(For more on the European debt crisis, see EXT4.)
Oct. 31 (Bloomberg) -- Greece’s new proposed bond swap has won initial backing from 40 to 45 firms holding more than 80 percent of eligible Greek debt, Institute of International Finance Managing Director Charles Dallara said today.
The firms took part in consultations while IIF negotiated with European leaders on the exchange, which will be voluntary, Dallara told reporters in Washington. The accord was reached last week after overnight talks on how to provide more aid for Greece and increase the European Union’s crisis-fighting resources.
The banks will be working with EU and Greek officials on how to move forward with the debt swap, part of Europe’s broader effort to limit the fallout from the continent’s sovereign debt crisis and its effects on the global economy. European leaders agreed last week to boost the European Financial Stability Facility’s firepower to one trillion euros ($1.4 trillion), set aside 100 billion euros for Greece and provide 30 billion euros in collateral for the debt swap.
The deal was agreed to “only after extensive consultations, virtually continuous consultations” with the heads of the largest investors in Greek debt, said Dallara, whose Washington-based trade group represents more than 450 financial institutions.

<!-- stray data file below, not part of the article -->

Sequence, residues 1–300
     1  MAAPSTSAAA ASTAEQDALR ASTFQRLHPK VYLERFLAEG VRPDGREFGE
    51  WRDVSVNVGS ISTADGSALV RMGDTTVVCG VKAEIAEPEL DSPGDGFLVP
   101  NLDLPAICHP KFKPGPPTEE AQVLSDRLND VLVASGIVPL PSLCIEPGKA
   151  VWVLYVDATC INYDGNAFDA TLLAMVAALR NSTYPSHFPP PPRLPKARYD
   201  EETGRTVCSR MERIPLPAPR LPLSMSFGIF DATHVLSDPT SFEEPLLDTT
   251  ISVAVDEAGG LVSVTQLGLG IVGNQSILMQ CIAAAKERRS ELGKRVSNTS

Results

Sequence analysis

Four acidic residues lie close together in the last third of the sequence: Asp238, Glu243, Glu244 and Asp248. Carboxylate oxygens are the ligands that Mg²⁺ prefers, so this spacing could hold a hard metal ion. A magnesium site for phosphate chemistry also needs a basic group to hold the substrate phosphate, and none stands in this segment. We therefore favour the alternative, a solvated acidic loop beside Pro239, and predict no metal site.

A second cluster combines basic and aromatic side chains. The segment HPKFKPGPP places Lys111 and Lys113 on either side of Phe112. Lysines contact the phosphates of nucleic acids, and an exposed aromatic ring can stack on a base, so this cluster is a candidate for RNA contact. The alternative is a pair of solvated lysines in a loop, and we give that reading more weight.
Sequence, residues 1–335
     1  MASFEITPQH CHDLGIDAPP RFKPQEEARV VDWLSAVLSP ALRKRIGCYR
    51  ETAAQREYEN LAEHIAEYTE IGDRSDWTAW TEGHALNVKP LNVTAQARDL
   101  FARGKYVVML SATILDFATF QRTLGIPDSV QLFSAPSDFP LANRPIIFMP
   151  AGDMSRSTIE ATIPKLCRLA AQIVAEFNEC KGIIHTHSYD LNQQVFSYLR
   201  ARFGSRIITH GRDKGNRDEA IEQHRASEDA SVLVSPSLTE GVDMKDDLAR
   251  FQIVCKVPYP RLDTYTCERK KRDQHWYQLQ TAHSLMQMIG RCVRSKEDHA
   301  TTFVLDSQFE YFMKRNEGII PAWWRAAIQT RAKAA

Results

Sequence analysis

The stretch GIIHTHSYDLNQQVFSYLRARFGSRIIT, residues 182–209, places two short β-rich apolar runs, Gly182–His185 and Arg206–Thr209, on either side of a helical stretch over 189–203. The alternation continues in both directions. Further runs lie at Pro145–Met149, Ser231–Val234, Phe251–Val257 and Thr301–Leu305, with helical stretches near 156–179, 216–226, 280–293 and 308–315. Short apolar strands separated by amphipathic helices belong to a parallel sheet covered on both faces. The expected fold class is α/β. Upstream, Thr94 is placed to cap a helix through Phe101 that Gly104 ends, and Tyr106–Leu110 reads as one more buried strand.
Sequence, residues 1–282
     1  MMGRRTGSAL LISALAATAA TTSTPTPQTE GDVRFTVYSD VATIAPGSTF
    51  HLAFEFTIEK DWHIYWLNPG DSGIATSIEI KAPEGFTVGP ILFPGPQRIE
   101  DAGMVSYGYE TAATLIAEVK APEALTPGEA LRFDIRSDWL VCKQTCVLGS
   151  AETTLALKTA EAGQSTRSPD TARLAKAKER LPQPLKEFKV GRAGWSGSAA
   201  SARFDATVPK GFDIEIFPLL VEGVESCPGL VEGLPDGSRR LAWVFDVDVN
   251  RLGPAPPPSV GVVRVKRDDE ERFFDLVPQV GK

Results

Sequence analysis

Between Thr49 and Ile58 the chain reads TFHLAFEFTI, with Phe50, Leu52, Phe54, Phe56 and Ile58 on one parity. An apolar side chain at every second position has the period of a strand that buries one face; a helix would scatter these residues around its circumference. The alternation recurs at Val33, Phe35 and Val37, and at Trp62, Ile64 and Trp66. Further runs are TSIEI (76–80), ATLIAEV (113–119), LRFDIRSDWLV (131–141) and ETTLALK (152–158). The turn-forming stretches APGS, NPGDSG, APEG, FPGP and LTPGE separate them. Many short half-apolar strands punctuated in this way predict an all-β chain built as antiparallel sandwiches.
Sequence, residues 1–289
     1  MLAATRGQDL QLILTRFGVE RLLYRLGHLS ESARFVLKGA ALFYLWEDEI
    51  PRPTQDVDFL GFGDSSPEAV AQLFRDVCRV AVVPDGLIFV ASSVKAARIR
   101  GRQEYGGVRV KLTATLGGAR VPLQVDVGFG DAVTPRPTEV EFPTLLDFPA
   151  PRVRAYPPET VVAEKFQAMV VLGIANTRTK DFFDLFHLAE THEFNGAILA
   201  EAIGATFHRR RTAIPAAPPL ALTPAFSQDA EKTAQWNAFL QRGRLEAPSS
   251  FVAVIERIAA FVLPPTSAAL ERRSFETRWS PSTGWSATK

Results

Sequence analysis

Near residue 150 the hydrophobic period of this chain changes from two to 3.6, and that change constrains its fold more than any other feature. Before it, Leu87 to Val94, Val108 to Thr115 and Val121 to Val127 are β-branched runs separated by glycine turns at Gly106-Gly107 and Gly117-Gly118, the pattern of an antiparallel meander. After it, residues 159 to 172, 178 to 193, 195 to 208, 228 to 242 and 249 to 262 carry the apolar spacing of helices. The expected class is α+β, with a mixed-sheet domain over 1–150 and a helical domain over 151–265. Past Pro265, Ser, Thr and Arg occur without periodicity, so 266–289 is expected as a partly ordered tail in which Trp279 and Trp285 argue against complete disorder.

Financial firms involved in the talks own “something north of 80 percent of the identified holdings of Greek government bonds,” he said. “It’s a substantial proportion.”
The firms that have been consulting with IIF support the outline of the deal as proposed so far, Hung Tran, IIF’s deputy managing director, said in a telephone interview. They won’t commit to participating until all the terms of the deal are finalized, he said.
Investors will have only one option for exchanging their bonds under the agreement, compared with a July plan that offered multiple choices.
Private investors who take part will exchange their existing Greek bonds for new ones at 50 percent of face value. At the same time, the risk associated with the new bonds will be shared between the Greek government and a AAA-rated issuer, such as the revamped EFSF.
A participating investor could, for example, exchange $100 in old Greek bonds for $50 in new Greek bonds, comprised of $15 backed by AAA collateral and $35 backed by the Greek state, European Union officials told reporters in Brussels last week.
Dallara said participation rates in the debt exchange would be “very, very high.” The next steps will be to work out details on the maturity of the new bonds, the coupon they will pay and how collateralization will work.
“We anticipate to move forward quite promptly here,” Dallara said. He said the deal is “unique” and is not an exercise that could be repeated.
IIF estimates that the accord would affect a pool of about 206 billion euros of debt, Dallara said. “We are aiming to take as much as half of that and wipe it out,” he said.
--With assistance from Aaron Kirchfeld in Frankfurt. Editors: Scott Lanman, Kevin Costelloe
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